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This crisis will have a long shadow, says IATA's Director-General

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"That is why we continue to remind that relief measures must extend beyond the initial emergency situation. Cost reduction in any form will be critical—reduced charges, taxes, user fees or administrative burdens like slot use it/lose it rules", said Alexandre de Juniac, IATA's Director-General.

Remarks of Alexandre de Juniac at the IATA Media Briefing on COVID-19.

"Good afternoon from Geneva. And thank you for again joining this weekly call.

David Rockland has presented some of the insights that we have gleaned from a passenger survey that we have been conducting every few months in this crisis. We are now at the stage where some parts of the world are starting to open-up—Asia and Europe. Understanding the concerns of travelers is important because their willingness to travel will drive the recovery.

There are a few key messages that I see in the survey results.

The first is that, as we have discussed in this call before, we can expect that this crisis will have a long shadow. Fewer passengers are saying that they will travel again in the first months after the pandemic subsides. In early April 61% said that they would. By early June that fell to 45%. And about two thirds are seeing less travel in their future—be it for vacation, visiting friends/relatives or business.

That is why we continue to remind that relief measures must extend beyond the initial emergency situation. Cost reduction in any form will be critical—reduced charges, taxes, user fees or administrative burdens like slot use it/lose it rules.

The second message is that passengers will not travel if governments impose quarantine. This week we have seen the UK and the EU adopt or announce alternatives for what are perceived as low-risk destinations. Other destinations are using testing as a screening methodology—although doing this accurately, quickly and at scale still poses challenges. And, the more countries implement the ICAO Take-off guidelines, the better deterrence we will have to symptomatic travelers because of health checks and declarations. On top of this, airlines are offering flexibility in re-booking, so there is no economic incentive to travel when sick.

As testing becomes faster, more accurate and scalable, pre-travel detection of pre-symptomatic and asymptomatic travelers will become possible, particularly from locations perceived to be higher risk. The science for testing is advancing quickly, but we are still not where we need to be.

Of course, there is still the need for general anti-COVID-19 measures in country—social distancing and contact tracing. Outbreaks involving travelers can be managed using the same methodologies as are used for the general population. We are seeing governments becoming more precise and targeted with these measures to limit the economic damage.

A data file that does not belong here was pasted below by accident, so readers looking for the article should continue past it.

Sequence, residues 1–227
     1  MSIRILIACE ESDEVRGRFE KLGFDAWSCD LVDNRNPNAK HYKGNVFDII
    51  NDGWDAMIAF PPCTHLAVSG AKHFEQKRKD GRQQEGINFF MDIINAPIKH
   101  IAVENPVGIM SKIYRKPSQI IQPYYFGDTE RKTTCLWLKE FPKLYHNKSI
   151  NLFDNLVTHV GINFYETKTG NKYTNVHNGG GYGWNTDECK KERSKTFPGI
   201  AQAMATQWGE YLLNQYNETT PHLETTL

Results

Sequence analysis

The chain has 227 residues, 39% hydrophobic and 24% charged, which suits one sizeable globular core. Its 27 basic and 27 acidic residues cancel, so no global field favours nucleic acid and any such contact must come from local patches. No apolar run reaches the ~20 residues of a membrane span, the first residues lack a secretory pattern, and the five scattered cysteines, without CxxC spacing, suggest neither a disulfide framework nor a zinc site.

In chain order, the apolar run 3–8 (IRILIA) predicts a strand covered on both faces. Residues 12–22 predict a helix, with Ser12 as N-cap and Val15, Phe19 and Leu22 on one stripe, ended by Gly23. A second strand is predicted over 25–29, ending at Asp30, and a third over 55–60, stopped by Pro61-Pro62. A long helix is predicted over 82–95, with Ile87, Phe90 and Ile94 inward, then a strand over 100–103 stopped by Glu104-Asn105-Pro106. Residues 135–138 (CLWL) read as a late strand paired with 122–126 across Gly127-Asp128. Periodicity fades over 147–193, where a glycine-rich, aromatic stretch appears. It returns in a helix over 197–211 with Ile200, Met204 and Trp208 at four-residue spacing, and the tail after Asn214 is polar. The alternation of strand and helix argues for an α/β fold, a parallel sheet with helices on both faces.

The third message is that the ICAO Take-off guidelines go far to addressing travelers’ main concerns for sanitization and human interaction. Masks or face coverings address the difficulty of social distancing in public spaces, including while on board aircraft. Human interaction is being minimized with contactless processes. And deeper and more frequent sanitization will address critical concerns for many high touch areas, including washrooms and toilets.

It is also clear that we have to do better at getting out the message on two fundamental issues:

That the aircraft cabin is one of the most controlled environments that people could experience. First, risk is reduced by screening our symptomatic travelers. Then air is exchanged with fresh air from outside every two or three minutes on most aircraft. That’s 20 to 30 times more frequently than most office buildings. And HEPA filters take out viruses—including the coronavirus—with each filtration.

The second is that, while effective social distancing on board is not possible (even neutralizing the middle seat from sale does not create the recommended 1m-1.5m distance), a layering of measures will keep travelers safe. Again, we screen out symptomatic travelers before they get to the aircraft and require everybody to wear a mask or facial cover. The mask requirement is the general advice of governments for areas where social distancing is not possible, like public transport. And on top of that there are several design features that limit the spread of virus-carrying droplets on board. Movement of air forward and aft in the cabin is limited by seat backs and a ceiling to floor air flow. And with everybody oriented forward, there is limited face-to-face contact.

Passenger confidence will not be re-built overnight. We will need to keep reinforcing these messages as we move forward. But I am hopeful that, as people start to travel again, we will build up some momentum.

With Europe’s internal borders now largely open, I took my first trip to Paris by plane. Wearing a mask, keeping a distance and avoiding contact does make travel different. But the level of cooperation among travelers was very high. So the processes worked. With time, travelers will become more used to these measures (although we hope that they will be temporary). And airports and airlines will become even better at managing people flows.

Yes, the trip felt different. But the changes were no great hardship. If that is the price for the freedom to travel, count me in!

On that note, I am happy to take your questions."

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